If you own a cat, you’ve probably heard by now that your furry friend should be protected from fleas.Fleas not only cause itching and irritation, they are also carriers of disease. Cat scratch disease is one disease that is transmitted by fleas; specifically, flea feces. While some cats with cat scratch disease do show symptoms, it is a cat’s human companions who are most likely to become ill from an infection. Read on to learn how to protect your cat and yourself.
Causes of Cat Scratch Disease
Cat scratch disease is caused by an infection by the bacterium Bartonella henselae. This bacterium lives in flea dirt, or flea feces. A cat who is hosting fleas may scratch or lick themselves while grooming and transmit the flea dirt to their claws or mouth. A cat may also pick up flea dirt while fighting or playing with another cat.
If the infected cat then licks a person or animal’s open wound or scratches or bites a person or animal, they can pass on the infection.
The CDC estimates that 40% of cats will carry the Bartonella henselae bacterium at some point in their lives, though most will not show symptoms. Cats who live in warm, humid climates, cats who are not protected from fleas, and kittens under one year-old are more likely to carry the infection. Additionally, because kittens tend to scratch and bite while playing, they are more likely to spread the disease.
Symptoms of Cat Scratch Disease
Most infected cats will not show symptoms, though in rare cases there may be swollen lymph nodes, muscle pain, and fever. Additionally, cat scratch disease can cause inflammation of the organs in some cats, leading to serious complications.
In humans, symptoms begin to appear within three to fourteen days of a scratch or bite. The person will typically develop a red bump at the infection site. It may be warm or painful to the touch, and lesions and pus may be present. Additional symptoms include:
- Swollen and painful lymph nodes near the infection site. Swelling can last for months.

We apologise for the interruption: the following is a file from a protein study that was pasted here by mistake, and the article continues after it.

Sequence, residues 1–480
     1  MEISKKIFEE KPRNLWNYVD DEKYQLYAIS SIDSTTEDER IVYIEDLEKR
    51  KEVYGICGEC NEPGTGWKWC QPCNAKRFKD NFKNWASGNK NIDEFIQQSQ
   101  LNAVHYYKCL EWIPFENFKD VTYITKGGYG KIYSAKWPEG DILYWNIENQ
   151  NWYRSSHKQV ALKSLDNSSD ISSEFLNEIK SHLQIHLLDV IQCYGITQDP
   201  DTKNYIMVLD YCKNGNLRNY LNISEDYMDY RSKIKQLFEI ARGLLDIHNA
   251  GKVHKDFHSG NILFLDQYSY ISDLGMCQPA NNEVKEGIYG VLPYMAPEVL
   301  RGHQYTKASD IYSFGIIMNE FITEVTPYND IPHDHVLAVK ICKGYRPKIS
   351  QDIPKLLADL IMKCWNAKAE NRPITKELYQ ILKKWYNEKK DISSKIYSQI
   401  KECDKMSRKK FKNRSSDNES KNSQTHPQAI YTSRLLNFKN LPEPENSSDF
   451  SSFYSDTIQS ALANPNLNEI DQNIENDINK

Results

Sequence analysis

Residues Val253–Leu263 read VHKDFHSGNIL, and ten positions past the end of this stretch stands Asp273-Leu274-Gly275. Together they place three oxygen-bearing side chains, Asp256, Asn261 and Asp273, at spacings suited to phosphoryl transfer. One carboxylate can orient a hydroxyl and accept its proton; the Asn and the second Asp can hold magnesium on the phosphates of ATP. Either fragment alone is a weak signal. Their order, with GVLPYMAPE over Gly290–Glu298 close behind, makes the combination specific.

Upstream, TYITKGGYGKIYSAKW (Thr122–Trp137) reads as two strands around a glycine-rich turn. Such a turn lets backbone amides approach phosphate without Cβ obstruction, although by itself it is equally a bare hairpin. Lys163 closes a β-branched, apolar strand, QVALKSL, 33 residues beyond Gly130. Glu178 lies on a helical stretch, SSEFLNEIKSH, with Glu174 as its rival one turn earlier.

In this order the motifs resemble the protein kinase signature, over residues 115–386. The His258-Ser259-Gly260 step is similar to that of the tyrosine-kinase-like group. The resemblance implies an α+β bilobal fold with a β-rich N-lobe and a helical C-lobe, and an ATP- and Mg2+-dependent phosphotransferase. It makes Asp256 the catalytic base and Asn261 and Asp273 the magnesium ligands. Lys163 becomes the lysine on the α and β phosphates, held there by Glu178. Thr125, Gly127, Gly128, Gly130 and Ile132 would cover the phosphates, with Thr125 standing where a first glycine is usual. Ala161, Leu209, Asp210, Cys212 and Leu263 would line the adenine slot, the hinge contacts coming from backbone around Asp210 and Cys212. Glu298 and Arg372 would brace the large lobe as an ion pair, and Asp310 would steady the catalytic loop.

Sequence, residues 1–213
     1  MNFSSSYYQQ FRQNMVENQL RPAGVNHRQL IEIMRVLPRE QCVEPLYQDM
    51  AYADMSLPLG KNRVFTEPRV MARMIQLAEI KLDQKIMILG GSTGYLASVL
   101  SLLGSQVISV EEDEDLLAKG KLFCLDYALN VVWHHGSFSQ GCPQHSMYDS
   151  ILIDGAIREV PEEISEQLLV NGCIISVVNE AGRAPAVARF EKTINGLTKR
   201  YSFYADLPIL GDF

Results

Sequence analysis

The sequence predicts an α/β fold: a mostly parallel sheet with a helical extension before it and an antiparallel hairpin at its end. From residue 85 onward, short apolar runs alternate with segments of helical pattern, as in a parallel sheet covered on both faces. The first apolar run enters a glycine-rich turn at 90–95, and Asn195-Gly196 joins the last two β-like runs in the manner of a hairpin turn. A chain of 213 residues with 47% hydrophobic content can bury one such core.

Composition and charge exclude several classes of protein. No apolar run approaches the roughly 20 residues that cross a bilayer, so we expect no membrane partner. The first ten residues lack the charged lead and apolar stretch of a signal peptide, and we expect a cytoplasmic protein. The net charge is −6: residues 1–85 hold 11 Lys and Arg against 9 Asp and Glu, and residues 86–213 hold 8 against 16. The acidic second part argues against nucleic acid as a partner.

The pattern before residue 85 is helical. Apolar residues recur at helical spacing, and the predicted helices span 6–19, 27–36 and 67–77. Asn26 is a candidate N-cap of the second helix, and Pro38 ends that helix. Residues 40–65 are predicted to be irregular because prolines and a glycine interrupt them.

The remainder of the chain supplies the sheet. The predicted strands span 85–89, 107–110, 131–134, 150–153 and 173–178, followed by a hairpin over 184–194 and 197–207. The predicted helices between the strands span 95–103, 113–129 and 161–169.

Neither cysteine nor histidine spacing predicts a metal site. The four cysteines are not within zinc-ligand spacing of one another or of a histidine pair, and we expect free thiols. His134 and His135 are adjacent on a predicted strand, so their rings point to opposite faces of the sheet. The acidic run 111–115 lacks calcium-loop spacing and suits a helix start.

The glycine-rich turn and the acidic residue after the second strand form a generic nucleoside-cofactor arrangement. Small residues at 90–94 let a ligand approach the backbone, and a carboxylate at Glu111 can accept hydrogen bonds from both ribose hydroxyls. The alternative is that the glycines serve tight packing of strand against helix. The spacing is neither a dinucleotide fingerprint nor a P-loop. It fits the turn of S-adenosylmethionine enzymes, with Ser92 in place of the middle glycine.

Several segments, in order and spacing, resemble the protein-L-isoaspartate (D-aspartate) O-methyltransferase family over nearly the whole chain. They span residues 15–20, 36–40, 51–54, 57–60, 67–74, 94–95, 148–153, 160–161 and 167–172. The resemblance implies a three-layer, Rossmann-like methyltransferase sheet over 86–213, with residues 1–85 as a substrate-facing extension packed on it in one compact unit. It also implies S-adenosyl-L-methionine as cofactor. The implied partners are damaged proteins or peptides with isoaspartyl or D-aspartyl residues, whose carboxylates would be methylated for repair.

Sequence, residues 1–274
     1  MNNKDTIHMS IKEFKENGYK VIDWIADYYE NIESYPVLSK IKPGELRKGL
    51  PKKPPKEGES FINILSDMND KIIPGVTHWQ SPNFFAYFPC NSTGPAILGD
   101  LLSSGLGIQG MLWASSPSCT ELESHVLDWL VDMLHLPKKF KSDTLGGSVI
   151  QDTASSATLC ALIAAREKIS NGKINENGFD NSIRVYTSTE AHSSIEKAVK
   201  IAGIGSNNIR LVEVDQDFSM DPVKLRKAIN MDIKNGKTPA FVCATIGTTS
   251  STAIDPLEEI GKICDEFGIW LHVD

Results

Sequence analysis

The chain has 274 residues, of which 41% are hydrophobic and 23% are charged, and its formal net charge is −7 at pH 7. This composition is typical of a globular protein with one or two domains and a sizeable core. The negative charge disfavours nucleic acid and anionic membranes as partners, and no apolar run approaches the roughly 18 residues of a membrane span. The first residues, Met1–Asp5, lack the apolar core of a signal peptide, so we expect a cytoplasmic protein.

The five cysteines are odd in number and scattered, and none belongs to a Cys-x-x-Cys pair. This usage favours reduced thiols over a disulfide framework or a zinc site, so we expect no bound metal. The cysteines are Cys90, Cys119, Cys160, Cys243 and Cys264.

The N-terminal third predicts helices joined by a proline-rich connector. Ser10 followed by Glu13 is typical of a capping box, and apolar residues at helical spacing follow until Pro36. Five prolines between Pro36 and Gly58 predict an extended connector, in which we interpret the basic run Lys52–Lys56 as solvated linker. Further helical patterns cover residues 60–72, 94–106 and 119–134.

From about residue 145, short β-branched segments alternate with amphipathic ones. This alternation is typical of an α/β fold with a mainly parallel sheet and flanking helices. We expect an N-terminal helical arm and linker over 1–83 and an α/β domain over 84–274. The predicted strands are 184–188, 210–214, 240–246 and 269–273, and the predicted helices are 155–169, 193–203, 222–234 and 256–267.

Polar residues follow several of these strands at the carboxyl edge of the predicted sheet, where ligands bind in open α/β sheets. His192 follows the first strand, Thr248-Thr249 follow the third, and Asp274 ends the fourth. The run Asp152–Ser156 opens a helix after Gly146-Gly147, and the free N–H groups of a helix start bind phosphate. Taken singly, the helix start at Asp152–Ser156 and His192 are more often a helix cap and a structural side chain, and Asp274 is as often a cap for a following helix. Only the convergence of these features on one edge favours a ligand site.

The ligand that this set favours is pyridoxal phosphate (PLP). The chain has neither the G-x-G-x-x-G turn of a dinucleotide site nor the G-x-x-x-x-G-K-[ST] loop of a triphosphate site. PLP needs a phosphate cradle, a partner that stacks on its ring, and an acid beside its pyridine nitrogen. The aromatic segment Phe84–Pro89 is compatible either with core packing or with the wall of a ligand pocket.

- Joint pain
- Loss of appetite
- Weight loss
In young children and individuals with weakened immune systems, cat scratch disease can also affect the brain, heart, eyes, and other internal organs.
Diagnosing Cat Scratch Disease
Because most cats with cat scratch disease do not show symptoms, testing is not all that common. However, if your cat is showing symptoms or you suspect that you may be infected, there are certain blood culture, DNA, and antibody tests that your veterinarian can perform.
As far as diagnosing cat scratch disease in humans, your doctor will determine the best course of action. Most people are only tested when symptoms are severe.
Treatment for Cat Scratch Disease
Treating cat scratch disease can be tricky. In cats, it is most commonly treated with the antibiotic azithromycin, but it is not always successful. In humans, treatment is usually not necessary and the infection will resolve on its own. In more serious cases, however, antibiotics may be prescribed.
Preventing Cat Scratch Disease
There are several things you can do to avoid getting cat scratch disease:
- Keep your cat on a flea preventative at all times, regardless of where you live.
- Do not engage in rough play with your cat that could lead to scratching or biting.
- Keep your cat indoors and away from unfamiliar cats.
- Keep your cat’s nails trimmed.
- If you are ever scratched or bitten, wash the area with soap and warm water immediately.
- If you or someone in your house has a compromised immune system, talk to your doctor before bringing a cat home, as cat scratch disease can cause serious health complications.
- Contact your doctor if you ever exhibit any symptoms of cat scratch disease.
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